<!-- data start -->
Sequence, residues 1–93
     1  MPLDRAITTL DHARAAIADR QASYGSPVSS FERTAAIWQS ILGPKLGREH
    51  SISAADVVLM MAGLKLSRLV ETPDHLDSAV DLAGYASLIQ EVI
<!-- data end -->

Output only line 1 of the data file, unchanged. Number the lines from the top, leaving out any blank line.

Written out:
Sequence, residues 1–93